July 10, 2019
The Indian Ocean has made its mark on the global news cycle this year. In March, tropical cyclone Idai made headlines as one of the most severe storms to have made landfall in Mozambique. Current estimates indicate that more than 1,000 people died. This makes it the most deadly tropical cyclone ever to have made landfall on the southern African subcontinent.
Until Idai, tropical cyclone Eline, which struck in 2000, was the most devastating tropical cyclone to make landfall in Mozambique.
After Idai, Eline was the strongest – though not the deadliest – cyclone to have hit the southern east African cost. This ranking as the strongest was soon after challenged by tropical cyclone Kenneth, a category 4 tropical cyclone that made landfall over the border of Mozambique and Tanzania six weeks after Idai.
Kenneth, in many regards, took the region by surprise. The storm was the northernmost tropical cyclone to make landfall on Mozambique, and the first to make landfall on Tanzania. It occurred very late in the season. Most cyclones in the region occur from January to March. It was also unusual for the Mozambique Channel to experience two severe tropical cyclones that made landfall within one season.
The third major cyclone to emerge out of the Indian Ocean came a few weeks after Kenneth, when cyclone Fani, a tropical cyclone on the border of Category 5 intensity wind speeds, hit the east coast of India. Category 5 tropical cyclones were only first recorded in the North Indian Ocean from 1989 so, again, this storm is unusually severe in the context of the longer historical records.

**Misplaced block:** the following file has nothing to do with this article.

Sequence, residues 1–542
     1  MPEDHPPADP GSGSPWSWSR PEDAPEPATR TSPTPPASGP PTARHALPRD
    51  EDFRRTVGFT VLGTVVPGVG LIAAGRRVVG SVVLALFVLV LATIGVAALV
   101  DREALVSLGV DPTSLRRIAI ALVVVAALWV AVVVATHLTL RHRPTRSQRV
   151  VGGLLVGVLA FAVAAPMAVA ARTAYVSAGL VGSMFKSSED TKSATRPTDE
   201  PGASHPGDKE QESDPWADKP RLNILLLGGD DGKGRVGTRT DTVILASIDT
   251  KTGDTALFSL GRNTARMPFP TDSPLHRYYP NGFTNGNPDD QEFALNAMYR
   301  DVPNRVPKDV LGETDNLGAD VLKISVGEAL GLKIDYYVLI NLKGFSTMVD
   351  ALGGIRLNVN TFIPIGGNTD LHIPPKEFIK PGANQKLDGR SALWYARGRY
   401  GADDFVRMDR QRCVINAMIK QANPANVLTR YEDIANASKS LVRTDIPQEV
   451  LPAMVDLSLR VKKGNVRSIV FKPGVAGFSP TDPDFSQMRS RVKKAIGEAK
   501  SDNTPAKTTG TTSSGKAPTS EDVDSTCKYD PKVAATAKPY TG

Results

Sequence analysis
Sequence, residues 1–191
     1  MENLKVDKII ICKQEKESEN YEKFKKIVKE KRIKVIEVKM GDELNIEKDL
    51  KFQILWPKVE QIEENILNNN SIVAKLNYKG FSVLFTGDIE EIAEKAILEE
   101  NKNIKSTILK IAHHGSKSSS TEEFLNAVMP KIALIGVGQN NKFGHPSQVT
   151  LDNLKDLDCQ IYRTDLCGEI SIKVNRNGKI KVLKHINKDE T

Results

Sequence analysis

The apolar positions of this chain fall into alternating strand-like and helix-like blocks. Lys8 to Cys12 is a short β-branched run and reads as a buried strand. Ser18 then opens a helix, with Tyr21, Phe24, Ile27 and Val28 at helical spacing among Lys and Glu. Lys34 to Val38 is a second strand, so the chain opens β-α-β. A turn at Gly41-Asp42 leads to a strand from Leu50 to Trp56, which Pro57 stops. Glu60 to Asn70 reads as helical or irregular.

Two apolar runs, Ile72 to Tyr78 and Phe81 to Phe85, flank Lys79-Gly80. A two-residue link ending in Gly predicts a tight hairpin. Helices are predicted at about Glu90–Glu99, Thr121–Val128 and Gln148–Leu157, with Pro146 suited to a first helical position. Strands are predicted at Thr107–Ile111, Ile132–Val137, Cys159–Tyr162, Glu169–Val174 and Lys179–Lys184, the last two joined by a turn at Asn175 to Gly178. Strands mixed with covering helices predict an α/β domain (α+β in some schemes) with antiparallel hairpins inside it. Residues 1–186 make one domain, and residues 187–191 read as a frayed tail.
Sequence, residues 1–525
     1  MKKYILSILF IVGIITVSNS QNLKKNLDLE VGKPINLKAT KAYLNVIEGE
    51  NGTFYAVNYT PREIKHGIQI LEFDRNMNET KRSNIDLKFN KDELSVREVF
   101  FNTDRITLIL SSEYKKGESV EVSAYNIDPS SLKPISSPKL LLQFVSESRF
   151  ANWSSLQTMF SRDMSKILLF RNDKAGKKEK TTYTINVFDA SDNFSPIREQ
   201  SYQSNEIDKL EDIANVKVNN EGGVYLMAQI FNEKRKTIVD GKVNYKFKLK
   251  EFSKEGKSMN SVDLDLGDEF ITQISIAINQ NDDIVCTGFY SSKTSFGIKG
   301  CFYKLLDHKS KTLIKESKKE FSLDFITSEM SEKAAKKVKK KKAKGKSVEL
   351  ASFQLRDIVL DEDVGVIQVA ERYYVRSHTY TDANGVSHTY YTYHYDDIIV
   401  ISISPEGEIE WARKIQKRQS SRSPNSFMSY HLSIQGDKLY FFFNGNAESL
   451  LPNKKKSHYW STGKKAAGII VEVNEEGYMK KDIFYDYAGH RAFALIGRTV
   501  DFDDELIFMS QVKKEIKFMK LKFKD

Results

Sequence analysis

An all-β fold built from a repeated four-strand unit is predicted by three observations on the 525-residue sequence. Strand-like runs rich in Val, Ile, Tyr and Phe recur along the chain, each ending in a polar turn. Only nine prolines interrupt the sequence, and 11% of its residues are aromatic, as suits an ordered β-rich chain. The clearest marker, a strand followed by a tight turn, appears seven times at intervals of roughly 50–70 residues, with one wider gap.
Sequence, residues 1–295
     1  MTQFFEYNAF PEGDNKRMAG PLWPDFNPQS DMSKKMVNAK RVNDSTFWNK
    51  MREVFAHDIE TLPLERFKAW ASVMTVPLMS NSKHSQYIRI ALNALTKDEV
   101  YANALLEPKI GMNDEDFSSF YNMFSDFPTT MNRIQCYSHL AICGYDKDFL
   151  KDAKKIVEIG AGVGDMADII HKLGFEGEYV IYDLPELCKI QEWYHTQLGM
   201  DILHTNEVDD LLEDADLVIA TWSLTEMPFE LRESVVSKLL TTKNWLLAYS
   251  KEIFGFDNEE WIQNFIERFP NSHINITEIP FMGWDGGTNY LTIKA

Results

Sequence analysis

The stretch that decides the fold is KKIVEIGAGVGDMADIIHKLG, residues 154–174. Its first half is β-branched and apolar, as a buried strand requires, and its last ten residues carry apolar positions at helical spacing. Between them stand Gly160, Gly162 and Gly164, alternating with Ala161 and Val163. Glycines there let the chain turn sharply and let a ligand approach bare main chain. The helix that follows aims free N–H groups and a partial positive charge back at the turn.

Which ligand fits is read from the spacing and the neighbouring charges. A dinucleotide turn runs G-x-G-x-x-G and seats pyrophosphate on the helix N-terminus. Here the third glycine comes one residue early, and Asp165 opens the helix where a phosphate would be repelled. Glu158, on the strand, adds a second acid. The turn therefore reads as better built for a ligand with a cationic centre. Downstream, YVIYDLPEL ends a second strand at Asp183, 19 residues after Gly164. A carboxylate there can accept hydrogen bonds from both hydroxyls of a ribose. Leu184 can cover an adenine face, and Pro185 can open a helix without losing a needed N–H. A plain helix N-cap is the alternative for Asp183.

These high intensity storms have been tied to the very warm sea surface temperatures in the Indian Ocean. Temperatures of 30°C are occurring more often and over longer periods of time. This is a result of gradual warming on a global scale, which has resulted in a net increase in ocean temperatures.
Warmer ocean temperatures allow stronger storms to form. These conditions are exacerbated by global forcing mechanisms including El Niño and the Indian Ocean Dipole, which concentrates warm ocean waters in smaller geographic areas.